Most of the windows were painted shut, some had cracks in the glass, the cotton sash cords were reduced to threads, and over half had been changed from the original two (panes) over two to six over six. Through all the layers of time (and paint), we didn’t expect to find any trace of decorative Victorian sash pulleys in these double-hung windows.
Once we removed all the sash pulley’s, we could tell there was more to them than just a cast-iron shell. A friend gave us an interesting tip to “cook” the sash pulleys in a thrift store Crock-Pot for a few hours. Something magical happened in that Crock-Pot. Out came these beautiful cast-iron sash pulleys with a light brass finish and flower design.
Scroll down to see before and after photos!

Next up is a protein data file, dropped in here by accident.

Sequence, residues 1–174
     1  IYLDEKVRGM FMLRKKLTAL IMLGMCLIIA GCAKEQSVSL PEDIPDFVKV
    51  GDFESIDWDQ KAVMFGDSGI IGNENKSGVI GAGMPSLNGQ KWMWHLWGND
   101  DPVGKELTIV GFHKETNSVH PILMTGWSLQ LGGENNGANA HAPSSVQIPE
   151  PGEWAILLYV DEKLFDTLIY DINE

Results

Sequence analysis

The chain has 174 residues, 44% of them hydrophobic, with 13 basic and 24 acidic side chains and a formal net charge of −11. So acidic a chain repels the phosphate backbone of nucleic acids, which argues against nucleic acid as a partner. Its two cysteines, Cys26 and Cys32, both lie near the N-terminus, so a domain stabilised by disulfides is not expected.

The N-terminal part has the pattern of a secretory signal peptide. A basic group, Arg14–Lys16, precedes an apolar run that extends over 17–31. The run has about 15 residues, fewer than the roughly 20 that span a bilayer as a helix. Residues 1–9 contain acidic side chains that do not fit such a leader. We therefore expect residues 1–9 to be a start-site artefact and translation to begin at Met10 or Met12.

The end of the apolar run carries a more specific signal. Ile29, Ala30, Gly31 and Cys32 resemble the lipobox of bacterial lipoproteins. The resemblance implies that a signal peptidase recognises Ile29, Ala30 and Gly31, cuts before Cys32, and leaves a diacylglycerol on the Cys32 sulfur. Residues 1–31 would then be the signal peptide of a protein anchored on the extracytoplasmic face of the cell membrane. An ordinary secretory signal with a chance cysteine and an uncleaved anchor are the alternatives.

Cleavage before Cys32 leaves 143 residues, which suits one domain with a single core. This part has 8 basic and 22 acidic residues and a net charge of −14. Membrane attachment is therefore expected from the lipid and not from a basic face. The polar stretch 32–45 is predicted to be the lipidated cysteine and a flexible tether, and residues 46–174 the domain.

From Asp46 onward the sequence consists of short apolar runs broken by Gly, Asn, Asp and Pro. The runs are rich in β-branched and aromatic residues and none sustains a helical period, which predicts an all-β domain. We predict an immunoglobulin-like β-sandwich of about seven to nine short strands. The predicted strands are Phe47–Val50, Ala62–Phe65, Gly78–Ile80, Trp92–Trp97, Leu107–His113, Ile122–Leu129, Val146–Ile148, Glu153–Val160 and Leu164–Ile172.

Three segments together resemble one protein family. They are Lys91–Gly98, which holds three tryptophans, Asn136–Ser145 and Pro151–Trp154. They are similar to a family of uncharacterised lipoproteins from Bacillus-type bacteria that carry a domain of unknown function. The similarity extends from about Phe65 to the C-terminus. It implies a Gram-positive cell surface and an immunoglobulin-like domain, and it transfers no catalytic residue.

And after a little cleaning…
This week, our team is busy removing old wavy glass from the store windows we picked up a week ago in Statham, Georgia. We’re excited to reuse this glass in the Glenn House. Most of the original wavy glass had been removed when several windows were converted to six panes over six. Check out how wavy the glass is!
Have a happy day.
Those are just beautiful! Ahhh, the charm and integrity of the past . . .
Such a beautiful unexpected find!
Wow! What a great find. Looks like you are having fun & working very hard. Great project!